The Smithsonian’s Arthur M. Sackler Gallery plunges three stories beneath the National Mall. But to celebrate its 25th anniversary, the museum looked to the sky for one of its centerpiece exhibitions: “Shadow Sites II,” an aerial landscape video by Iraqi artist Jananne Al-Ani.
Al-Ani’s images of rural Jordan reveal the Earth’s mesmerizing textures as seen from high above; they’re also a commentary on how those who live outside the region can see Arab lands as depersonalized, depopulated spaces. But what nudges “Shadow Sites II” into an ominous realm is the ambient score provided by British sound artist Ross Adams.
Adams uses a subtly menacing drone to evoke a surveillance airplane’s hum, then mixes industrial sounds — such as blurts of radio static — with wind, disembodied voices and birds, providing interpretive sonic snapshots of the landscapes.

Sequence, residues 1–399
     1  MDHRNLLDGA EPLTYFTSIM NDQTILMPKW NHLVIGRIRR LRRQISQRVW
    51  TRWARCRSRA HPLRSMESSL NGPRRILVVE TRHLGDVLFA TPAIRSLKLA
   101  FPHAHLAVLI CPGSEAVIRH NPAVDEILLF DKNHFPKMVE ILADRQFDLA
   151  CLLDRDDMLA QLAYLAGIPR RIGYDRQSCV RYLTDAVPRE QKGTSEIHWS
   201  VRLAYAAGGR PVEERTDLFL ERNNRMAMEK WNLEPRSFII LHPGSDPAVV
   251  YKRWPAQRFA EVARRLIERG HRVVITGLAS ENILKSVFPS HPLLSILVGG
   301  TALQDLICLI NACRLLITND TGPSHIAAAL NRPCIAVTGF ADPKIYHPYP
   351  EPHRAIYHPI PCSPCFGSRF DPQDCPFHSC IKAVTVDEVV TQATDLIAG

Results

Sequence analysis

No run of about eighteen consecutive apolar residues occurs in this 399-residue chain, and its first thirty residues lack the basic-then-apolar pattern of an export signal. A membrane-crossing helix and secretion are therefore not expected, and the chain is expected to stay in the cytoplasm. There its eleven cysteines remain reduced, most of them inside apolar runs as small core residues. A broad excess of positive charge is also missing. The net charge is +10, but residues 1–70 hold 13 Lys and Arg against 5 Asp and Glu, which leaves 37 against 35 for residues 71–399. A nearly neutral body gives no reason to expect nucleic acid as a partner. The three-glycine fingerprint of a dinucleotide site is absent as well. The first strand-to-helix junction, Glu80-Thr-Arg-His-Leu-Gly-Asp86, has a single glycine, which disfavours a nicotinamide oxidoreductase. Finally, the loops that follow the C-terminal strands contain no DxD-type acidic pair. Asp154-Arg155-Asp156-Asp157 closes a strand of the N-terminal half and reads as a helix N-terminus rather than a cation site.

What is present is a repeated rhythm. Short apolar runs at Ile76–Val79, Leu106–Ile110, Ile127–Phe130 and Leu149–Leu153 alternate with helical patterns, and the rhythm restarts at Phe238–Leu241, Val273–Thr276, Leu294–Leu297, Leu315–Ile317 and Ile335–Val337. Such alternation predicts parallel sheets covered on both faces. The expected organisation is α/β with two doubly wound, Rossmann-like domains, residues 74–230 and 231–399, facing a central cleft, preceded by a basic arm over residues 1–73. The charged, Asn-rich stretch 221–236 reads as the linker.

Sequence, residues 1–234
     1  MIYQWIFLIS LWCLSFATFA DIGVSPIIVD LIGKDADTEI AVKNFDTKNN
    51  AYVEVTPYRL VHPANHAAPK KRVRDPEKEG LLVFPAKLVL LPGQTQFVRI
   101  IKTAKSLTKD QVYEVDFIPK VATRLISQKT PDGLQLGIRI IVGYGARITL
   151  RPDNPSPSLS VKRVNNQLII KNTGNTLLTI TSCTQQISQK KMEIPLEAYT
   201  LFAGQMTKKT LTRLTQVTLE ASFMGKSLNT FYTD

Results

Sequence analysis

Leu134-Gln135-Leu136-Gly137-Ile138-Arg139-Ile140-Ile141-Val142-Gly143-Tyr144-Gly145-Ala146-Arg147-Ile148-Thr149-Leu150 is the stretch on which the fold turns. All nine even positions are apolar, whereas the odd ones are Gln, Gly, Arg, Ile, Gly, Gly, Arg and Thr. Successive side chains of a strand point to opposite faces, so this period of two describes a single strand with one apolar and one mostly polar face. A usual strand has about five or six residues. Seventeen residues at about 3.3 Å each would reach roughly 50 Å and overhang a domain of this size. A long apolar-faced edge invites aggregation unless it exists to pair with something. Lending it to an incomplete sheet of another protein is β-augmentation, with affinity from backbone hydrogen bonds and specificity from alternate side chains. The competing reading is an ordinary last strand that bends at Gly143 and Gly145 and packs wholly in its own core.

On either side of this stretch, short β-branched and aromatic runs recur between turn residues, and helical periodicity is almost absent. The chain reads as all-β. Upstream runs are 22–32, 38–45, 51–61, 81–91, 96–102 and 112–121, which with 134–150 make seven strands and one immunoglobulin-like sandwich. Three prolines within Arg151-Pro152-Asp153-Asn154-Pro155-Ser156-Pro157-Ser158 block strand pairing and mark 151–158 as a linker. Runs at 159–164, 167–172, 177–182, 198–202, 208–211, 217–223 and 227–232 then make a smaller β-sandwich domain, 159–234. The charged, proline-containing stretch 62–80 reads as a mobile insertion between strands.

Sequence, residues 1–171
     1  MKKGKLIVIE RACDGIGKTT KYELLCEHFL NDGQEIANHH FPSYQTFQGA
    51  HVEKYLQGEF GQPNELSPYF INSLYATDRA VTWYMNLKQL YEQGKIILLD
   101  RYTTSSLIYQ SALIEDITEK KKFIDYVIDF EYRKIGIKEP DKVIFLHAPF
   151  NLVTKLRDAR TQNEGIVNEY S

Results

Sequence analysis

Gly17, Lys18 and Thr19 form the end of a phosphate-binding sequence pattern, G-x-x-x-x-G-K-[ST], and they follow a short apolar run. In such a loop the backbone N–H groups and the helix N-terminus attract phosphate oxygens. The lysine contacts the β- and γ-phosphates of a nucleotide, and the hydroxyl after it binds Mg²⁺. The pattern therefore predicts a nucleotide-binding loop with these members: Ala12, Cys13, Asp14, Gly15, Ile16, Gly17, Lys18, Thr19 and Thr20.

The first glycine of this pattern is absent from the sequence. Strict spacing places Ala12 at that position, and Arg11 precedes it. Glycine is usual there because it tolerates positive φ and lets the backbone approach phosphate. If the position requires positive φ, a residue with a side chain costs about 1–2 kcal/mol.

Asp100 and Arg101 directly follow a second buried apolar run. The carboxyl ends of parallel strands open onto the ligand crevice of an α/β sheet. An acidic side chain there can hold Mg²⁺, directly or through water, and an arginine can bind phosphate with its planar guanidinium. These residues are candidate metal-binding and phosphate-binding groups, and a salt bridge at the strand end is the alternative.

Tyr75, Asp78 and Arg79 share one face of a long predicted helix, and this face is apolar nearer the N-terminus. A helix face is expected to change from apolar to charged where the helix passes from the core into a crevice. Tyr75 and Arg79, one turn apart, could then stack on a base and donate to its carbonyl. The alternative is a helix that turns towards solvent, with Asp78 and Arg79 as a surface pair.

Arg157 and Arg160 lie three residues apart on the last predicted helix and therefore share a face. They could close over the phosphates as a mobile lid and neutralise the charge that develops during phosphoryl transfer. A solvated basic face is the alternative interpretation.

Without the audio, it would be easy to revel in the sepia-softened images’ enigmatic aesthetics. But as I sat in the dark, below the ground, it felt like something bad was happening high in the sky.
Listen to the soundtrack here.